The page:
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I have trouble understanding c header files and source files. I have:

something.c

#include <stdio.h>
#include "something.h"

typedef struct {
    int row, col;
} point;

point
whereispoint(point **matrix, int rows, int cols)
{
   ..... Does something ....
   printf("something...");
}

something.h

typedef struct point * p;

p whereispoint(p **matrix, int rows, int cols);

main.c

#include <stdio.h>
#include "something.h"

int
main(void)
{
   int row, col;
   p **matrix=malloc(bla, bla);
   .....Something.....
   p=whereispoint(matrix, row, col);
   return 0;
}

Now when I don't actually know how to compile this... I tried gcc -c main.c something.c but that doesn't work, I tried to compile separately gcc -c main.c and gcc -c something.c then main.c works but something.c does not.

I am actually trying to make a library out of something.c but as I am not able even to compile it to object code I don't know what to do. I guess there is something wrong with the struct type and the typedef of it in something.h but I can't figure out what...

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2 Answers

up vote 2 down vote accepted

In the header, the function whereispoint() is declare as returning a struct point* (the typedef p) but the definition returns a struct point, not a pointer.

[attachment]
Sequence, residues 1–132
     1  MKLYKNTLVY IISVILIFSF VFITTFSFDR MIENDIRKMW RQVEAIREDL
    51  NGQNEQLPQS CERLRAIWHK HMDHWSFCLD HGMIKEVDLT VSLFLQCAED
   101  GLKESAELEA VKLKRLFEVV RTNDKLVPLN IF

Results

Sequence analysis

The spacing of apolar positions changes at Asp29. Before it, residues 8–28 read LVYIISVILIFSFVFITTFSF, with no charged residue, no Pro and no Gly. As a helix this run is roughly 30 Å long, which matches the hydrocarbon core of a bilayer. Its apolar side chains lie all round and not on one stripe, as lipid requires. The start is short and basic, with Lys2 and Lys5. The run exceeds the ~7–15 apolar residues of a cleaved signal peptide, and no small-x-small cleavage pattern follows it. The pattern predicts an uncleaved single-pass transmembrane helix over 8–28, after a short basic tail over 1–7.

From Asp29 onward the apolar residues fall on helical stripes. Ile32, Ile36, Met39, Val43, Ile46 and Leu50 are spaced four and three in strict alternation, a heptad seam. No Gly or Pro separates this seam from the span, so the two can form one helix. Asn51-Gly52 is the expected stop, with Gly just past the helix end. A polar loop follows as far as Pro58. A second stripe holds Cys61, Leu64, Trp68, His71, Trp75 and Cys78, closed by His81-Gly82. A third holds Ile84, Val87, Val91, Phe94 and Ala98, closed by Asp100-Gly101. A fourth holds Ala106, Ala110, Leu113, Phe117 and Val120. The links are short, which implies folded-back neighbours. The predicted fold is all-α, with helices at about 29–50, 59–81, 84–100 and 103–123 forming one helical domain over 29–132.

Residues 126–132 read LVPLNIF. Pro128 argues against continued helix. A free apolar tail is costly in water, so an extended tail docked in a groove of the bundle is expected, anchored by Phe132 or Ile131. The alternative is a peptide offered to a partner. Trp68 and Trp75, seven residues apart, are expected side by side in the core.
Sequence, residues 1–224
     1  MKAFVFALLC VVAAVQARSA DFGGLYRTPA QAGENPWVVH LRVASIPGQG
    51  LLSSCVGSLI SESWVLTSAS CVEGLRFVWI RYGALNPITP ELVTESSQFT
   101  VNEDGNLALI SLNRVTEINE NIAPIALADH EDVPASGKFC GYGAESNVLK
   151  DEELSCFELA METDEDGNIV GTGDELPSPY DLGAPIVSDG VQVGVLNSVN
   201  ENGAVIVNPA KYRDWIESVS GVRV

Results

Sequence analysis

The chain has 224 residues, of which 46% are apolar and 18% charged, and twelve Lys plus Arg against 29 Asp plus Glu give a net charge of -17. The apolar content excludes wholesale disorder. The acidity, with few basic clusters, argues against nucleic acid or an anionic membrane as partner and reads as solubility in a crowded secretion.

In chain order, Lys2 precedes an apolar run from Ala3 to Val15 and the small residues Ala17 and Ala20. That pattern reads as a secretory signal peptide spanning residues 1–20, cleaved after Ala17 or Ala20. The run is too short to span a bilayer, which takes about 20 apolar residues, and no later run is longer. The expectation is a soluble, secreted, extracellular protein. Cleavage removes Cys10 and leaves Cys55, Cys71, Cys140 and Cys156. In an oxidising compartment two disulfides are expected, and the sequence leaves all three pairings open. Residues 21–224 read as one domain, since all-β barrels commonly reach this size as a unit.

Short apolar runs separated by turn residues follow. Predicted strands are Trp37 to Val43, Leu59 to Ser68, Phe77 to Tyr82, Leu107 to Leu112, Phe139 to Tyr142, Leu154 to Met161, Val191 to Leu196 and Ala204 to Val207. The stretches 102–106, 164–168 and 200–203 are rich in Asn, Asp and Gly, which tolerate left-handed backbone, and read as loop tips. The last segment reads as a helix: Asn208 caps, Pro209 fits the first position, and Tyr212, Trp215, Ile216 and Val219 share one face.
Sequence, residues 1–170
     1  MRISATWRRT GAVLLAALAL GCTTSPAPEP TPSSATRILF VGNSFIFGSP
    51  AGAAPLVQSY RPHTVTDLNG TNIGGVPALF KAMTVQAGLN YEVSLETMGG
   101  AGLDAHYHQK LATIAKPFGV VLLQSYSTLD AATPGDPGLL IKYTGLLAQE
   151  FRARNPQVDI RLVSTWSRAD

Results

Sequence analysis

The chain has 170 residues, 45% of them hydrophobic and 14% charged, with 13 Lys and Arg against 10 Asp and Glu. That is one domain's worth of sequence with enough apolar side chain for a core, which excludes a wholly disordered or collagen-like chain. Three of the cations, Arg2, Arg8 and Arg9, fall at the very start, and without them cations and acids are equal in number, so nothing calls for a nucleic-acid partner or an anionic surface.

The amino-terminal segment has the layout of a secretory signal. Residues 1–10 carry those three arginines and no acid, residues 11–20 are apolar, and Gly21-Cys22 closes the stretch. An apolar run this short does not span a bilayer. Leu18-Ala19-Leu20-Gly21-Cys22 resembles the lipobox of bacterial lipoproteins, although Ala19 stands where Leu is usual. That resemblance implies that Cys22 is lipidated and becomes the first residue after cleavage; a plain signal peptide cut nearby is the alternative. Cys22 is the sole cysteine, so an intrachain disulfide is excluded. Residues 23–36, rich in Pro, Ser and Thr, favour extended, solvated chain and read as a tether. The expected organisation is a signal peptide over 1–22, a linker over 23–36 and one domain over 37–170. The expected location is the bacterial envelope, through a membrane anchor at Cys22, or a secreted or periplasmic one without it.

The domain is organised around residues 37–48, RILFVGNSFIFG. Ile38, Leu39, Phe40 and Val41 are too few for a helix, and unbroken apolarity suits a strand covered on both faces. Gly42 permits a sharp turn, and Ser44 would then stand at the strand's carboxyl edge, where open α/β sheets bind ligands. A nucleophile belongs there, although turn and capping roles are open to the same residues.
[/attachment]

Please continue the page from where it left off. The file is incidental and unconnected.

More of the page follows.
Personally, I find typedef pointers confusing and think it is clearer in the code if * is used to denote a pointer:

/* header */
typedef struct point point_t;

point_t* whereispoint(point_t** matrix, int rows, int cols);

/* .c */
struct point {
    int row, col;
};

point_t* whereispoint(point_t** matrix, int rows, int cols)
{
   ..... Does something ....
   printf("something...");
   return ??;
}
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The following:

typedef struct {
  int row, col;
} point;

typedefs a nameless struct to the type point.

In something.h, you then typedef "struct point" (an undefined struct type reference) to "*p".

Typically, you should define all your "interface types" in the header file, instead of trying to hide the implementation (C needs to know the implementation to access anything).

Try doing something like this in something.h:

typedef struct point {
  int row, col;
} *p;

Or, if you are unsure exactly how typedefs work, simply do:

 struct point {
  int row, col;
}

That declares a struct type.

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There is nothing wrong with an opaque type. If callers to the functions don't need to know what is inside the structure, why make it public? C only needs to know the implementation inside the functions that manipulate instances of the struct. The solution from @hmhd is better. –  William Morris Nov 1 '12 at 18:12
    
@WilliamMorris - No, there's nothing wrong with opaque types. There's a fair few opaque types in the standard C library. But unless you're willing to write suitable accessors and go to some pain to make sure usesr never have to actually CARE about your opaque type, it's better to simply not do them. –  Vatine Nov 2 '12 at 9:51
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